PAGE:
Sam Parr:  I will say that right now Twitter is the place to be. I’ve met so many friends through Twitter. It’s a very easy place to meet people if that’s what you’re trying to do for the first question. There’s this funny thing called VC Twitter. Have you heard of this?

Euwyn Poon: Yup.

Sam Parr: Anyway, Twitter is the place to be. You want to answer the second question here? What’s the key advice to finding product market fit?

Euwyn Poon: Man, I don’t even know whether I’ve … So for Spin, we just observed in the market. We saw an analogous opportunity work in a different part of the world. I feel like I’ve heard it said before that when you see product market fit, things just happen. It certainly does from investors finding you to customers kind of clamoring at your door for what you want to build.

Sam Parr: Let’s go straight to the bottom one, because you guys and the companies like you get a ton of flack. So how do you deal with that flack? What do you say? I would actually like to know how do you solve this particular problem, and how do you deal with all the negative press and how does that make you feel, and what are you thinking through on all that?

Euwyn Poon: Yeah, I think that’s Spin takes a unique position on this. I mean, from very beginning, as I’ve mentioned, we’ve been all about working with cities. The big key to this is actually infrastructure. So building proper … and this also applies to safety, not just clutter. We think that the cities are still in a very early stage of development when it comes to micro vehicles, or micro mobility, and proper lanes, charging stations, and better designed systems. We rolled out things like GPS fencing so that scooters can’t get into crowded, congested areas, and always worked with cities to design better and elegant parking solutions.

Sam Parr: Let’s talk about the middle one about YC, and when it is this the right time to apply, as well as bootstrapping versus raising venture capital.

Euwyn Poon: I think that YC is a tremendous community and has formed the backbone of my whole network here in Silicon Valley. The partners there are really … they’re big thinkers. There’s never really anything too early. I think that what I’d recommend for bootstrapping or VC, I think that if you have an idea that needs scale and support, venture is always a good option for that.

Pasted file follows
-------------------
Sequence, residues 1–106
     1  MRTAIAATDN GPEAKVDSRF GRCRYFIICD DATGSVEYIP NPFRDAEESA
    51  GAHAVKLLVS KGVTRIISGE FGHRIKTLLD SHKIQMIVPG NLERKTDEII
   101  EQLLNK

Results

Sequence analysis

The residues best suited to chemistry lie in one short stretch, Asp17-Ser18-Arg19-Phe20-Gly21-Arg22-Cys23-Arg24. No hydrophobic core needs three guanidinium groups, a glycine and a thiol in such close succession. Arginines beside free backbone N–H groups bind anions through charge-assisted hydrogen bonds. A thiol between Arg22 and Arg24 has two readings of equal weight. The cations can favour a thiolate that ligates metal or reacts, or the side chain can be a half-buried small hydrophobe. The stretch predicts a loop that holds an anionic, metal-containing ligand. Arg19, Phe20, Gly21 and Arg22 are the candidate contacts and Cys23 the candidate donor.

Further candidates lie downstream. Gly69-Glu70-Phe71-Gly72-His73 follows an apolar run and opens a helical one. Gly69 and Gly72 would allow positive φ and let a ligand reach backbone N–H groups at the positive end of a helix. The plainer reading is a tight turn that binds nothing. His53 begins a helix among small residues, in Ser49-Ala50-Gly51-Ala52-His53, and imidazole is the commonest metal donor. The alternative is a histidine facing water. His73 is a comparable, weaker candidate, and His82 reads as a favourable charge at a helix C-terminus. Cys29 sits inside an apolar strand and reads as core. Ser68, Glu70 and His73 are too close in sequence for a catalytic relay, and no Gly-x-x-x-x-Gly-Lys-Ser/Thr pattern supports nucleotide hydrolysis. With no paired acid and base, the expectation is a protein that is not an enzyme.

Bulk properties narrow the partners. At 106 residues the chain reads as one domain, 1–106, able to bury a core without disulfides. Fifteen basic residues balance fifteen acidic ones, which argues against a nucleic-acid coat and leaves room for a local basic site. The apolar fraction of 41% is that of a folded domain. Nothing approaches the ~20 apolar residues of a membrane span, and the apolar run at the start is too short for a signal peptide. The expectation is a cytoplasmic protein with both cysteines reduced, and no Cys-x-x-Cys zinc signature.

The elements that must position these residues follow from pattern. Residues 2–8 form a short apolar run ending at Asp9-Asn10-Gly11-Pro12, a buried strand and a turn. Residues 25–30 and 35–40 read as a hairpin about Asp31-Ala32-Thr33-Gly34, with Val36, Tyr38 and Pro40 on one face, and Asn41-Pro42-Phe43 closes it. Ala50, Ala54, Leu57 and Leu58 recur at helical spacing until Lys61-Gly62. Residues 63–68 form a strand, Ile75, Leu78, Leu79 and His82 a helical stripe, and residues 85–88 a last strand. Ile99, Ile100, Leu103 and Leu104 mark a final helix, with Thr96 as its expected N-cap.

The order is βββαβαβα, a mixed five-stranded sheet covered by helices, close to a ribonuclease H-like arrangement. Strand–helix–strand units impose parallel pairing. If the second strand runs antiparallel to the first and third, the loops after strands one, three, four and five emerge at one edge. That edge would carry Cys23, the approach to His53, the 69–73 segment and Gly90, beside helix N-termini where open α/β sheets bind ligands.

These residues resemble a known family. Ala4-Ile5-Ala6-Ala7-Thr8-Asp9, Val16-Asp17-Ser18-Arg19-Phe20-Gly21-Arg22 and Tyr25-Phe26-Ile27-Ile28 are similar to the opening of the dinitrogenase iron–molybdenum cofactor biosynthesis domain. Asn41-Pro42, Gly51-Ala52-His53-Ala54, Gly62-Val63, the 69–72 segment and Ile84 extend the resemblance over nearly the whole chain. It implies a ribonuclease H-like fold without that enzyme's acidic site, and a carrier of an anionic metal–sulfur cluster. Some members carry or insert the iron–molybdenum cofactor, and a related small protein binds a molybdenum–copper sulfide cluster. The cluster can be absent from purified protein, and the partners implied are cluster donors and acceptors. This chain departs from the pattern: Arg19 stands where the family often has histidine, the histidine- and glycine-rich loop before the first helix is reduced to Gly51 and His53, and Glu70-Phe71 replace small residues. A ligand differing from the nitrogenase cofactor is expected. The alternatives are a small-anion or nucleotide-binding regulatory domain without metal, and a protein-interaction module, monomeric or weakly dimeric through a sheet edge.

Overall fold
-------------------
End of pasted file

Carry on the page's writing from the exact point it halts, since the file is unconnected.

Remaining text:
Sam Parr: Will you raise money for your next venture?

Euwyn Poon: Likely, yeah. I think that whatever I do next will probably have the same amount of scale if not more. So I think the best part about venture and finding the right partners there is that they allow you to scale in ways that you wouldn’t necessarily otherwise be able to.

Sam Parr: What about Uber and Lyft? They have not been able to show profitability. You guys and companies like you are constantly compared to them. Can you talk about how you’re able to be confident with the model?

Euwyn Poon: Yeah, I think that Uber is actually starting to turn a corner. I mean, from a unit standpoint, [inaudible 00:21:58] has been adamant that they are … in fact if not already on a unit based [inaudible 00:22:03] very soon going to be with its … at the scale that they’re working with, clearly the demand for the product is there. It’s about tuning the right the business as it scales.

Sam Parr: Let’s do two more. I like this one. Working under a big company. Before you were calling the shots, you had a smaller company. Ford is a behemoth, probably not like a startup where you can kind of be a little wacky. What’s that been like working underneath them? Was it what you thought it was?

Euwyn Poon:  It’s actually been amazing, and maybe a very unique situation in our case. Ford is … I mean, the entire partnership was driven by Bill Ford and the highest ranks of Ford. We’ve been allowed to grow as a wholly owned subsidiary. We’ve maintained our … we still run our own offices here in San Francisco. The founders are still very much in charge. It’s actually been unique learning experience learning what culture at a historic company like Ford is. It’s been an amazing partnership and they help us scale.

Sam Parr: Let’s do this last question about growing in a crowded market. Can you talk about how you’ve been able to be different?

Euwyn Poon: I think that in a crowded market, you always kind of need to find your differentiator. For us, it was our approach with cities. I mean, I come back to that again. Now that we’re a part of Ford, we are working on more different form factors and unique vehicles that will push the industry forward. We’re still in the very early days of the industry. I mean, this industry is maybe two years old now. So technology will evolve, vehicle form factors will evolve. We’re pretty excited to see what the next three to five years will hold.

Sam Parr: Cool. Well, thank you for coming.

Euwyn Poon: Thank you.